Science fiction writer Elizabeth Hand has written a thoroughgoing and thoughtful eulogy for Thomas M Disch for Salon today; Disch, one of the grand talents of science fiction, committed suicide on July 4.
Few people make a successful career of contemplating death and suicide; fewer still approach the subject with the genuine ebullience and elegant despair of the prolific, criminally underappreciated writer Thomas M. Disch, who shot himself in his Union Square apartment, in New York, on the Fourth of July. Disch was a seminal figure in science fiction's New Wave, the iconoclastic 1960s movement that gave the genre a literary pedigree and popularized the term "speculative fiction." His books influenced writers such as William Gibson and Jonathan Lethem; his dystopias "Camp Concentration" and "334" are considered science fiction classics, along with his greatest novel, "On Wings of Song," a beautiful, dark meditation on the power and limits of transcendence through art.
An openly gay man for most of his working life, Disch wrote mysteries, historical novels and neo-gothic satires; children's books, including "The Brave Little Toaster" and its sequel; at least five collections of short fiction; 15 volumes of poetry, always as Tom Disch; plays and libretti; four volumes of nonfiction; screen adaptations, novelizations and one of the first interactive computer games. He edited anthologies; he wrote book reviews, theater reviews, art reviews, music reviews. He wrote collaboratively and pseudonymously; he kept a popular blog, Endzone, in which he shared new poems, some unpleasant post-9/11 screeds, and witty discourses on the meaninglessness and minutiae of life. In his most recent novel, he wrote in the voice of God, and on his publisher's Web site answered questions from readers. He wrote and wrote and wrote and wrote, for the sheer joy of it and for an even more primal impulse: to tell a story to the dark.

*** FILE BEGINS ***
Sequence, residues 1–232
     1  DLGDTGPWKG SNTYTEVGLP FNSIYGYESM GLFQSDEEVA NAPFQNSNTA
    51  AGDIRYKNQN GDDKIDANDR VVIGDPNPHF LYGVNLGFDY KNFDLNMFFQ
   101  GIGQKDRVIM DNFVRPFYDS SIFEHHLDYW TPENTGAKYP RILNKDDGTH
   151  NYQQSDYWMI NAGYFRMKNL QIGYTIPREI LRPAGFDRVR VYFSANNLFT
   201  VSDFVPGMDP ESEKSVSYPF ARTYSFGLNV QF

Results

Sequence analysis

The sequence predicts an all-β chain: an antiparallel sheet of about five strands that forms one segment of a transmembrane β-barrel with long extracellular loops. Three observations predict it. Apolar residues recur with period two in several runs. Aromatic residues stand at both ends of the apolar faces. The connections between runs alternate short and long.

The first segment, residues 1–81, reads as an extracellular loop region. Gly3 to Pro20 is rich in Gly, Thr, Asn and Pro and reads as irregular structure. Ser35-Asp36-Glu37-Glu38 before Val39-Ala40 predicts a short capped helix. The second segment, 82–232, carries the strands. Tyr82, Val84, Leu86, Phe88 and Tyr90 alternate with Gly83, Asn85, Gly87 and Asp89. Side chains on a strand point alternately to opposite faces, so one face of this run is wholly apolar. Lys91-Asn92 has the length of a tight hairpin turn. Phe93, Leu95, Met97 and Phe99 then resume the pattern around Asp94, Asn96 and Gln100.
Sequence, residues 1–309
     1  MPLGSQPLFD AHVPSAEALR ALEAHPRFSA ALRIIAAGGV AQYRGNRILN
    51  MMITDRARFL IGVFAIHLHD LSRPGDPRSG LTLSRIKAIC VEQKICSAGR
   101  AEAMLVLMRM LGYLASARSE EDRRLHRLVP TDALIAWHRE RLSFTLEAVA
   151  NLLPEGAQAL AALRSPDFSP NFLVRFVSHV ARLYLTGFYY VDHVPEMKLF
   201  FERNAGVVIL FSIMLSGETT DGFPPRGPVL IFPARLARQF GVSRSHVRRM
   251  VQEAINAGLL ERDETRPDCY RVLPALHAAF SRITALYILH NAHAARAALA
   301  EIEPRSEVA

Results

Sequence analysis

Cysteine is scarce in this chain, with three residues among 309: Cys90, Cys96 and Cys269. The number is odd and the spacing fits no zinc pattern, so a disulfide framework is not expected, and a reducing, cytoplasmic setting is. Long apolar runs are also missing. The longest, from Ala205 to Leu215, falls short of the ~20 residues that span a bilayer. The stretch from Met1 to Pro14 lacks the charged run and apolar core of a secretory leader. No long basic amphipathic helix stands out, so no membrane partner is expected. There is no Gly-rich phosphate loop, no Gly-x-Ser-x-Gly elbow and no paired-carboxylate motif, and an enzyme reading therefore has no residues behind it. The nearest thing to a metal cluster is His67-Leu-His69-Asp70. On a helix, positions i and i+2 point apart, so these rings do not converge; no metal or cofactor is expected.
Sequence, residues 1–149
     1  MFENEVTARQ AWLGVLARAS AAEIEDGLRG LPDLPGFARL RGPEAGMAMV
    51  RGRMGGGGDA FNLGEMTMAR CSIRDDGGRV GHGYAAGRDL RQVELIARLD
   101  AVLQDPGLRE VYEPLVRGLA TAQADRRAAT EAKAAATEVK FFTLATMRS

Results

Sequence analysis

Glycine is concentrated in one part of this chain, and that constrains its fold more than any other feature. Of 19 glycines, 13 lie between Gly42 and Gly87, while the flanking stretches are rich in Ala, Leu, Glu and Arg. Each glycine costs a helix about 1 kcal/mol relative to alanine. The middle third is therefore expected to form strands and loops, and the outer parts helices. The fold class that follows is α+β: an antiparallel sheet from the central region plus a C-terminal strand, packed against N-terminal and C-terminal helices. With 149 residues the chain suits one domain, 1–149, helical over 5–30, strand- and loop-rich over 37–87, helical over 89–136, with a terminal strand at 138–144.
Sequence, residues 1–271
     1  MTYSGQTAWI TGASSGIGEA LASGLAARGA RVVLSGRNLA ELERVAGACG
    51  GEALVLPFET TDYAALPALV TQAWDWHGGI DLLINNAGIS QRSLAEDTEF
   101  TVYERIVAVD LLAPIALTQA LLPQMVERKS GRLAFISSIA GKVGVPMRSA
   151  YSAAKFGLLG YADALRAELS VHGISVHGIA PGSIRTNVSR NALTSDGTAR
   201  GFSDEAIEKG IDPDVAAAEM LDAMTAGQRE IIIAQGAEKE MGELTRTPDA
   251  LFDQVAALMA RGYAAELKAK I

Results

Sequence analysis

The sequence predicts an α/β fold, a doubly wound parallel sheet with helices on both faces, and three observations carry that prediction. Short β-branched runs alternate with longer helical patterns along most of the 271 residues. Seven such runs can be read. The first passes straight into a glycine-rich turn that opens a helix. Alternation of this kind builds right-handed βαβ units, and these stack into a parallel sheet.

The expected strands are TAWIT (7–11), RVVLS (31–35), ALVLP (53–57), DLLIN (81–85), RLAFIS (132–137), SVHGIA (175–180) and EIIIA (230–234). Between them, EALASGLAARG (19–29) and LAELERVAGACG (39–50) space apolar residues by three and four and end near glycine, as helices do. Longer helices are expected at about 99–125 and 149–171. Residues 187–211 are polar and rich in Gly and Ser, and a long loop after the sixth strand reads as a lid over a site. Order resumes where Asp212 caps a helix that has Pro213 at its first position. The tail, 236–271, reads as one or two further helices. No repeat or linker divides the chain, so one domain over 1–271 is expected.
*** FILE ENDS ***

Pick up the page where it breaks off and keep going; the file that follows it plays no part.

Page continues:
See also: RIP, Thomas M Disch